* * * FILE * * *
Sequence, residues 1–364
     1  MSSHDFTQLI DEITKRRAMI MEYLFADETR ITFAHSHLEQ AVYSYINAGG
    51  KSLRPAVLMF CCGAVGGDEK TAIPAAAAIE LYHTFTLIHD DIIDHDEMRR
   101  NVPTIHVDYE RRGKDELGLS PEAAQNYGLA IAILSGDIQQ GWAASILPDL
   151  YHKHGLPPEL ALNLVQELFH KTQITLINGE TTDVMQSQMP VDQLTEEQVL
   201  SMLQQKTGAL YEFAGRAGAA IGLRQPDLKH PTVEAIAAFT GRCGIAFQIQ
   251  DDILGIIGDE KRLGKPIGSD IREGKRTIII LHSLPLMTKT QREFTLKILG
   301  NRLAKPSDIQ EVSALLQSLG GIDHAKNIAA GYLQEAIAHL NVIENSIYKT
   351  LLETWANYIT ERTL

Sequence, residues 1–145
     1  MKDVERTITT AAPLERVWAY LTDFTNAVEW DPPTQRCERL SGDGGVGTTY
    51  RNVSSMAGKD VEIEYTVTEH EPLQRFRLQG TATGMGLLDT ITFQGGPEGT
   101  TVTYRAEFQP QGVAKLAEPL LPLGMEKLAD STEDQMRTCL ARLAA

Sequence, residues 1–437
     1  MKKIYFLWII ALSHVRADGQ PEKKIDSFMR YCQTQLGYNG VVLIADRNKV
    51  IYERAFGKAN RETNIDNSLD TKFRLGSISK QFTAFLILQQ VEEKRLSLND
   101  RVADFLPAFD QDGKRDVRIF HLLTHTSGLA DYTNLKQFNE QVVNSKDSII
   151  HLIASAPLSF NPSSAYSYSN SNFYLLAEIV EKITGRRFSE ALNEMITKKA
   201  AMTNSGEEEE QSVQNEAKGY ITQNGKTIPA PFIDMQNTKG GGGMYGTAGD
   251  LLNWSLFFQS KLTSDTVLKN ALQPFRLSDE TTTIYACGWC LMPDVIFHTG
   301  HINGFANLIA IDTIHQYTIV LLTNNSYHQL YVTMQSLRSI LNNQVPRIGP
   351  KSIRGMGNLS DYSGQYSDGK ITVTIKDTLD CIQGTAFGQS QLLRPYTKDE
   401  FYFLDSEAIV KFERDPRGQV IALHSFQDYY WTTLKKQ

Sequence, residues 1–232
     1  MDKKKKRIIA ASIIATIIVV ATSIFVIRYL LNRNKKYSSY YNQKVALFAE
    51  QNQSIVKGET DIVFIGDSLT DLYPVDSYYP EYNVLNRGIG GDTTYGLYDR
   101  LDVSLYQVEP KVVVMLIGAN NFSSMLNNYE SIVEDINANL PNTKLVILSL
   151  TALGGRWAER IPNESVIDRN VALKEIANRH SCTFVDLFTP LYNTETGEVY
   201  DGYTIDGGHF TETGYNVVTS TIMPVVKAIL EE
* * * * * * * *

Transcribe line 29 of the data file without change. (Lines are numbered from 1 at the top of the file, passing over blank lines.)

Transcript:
   201  DGYTIDGGHF TETGYNVVTS TIMPVVKAIL EE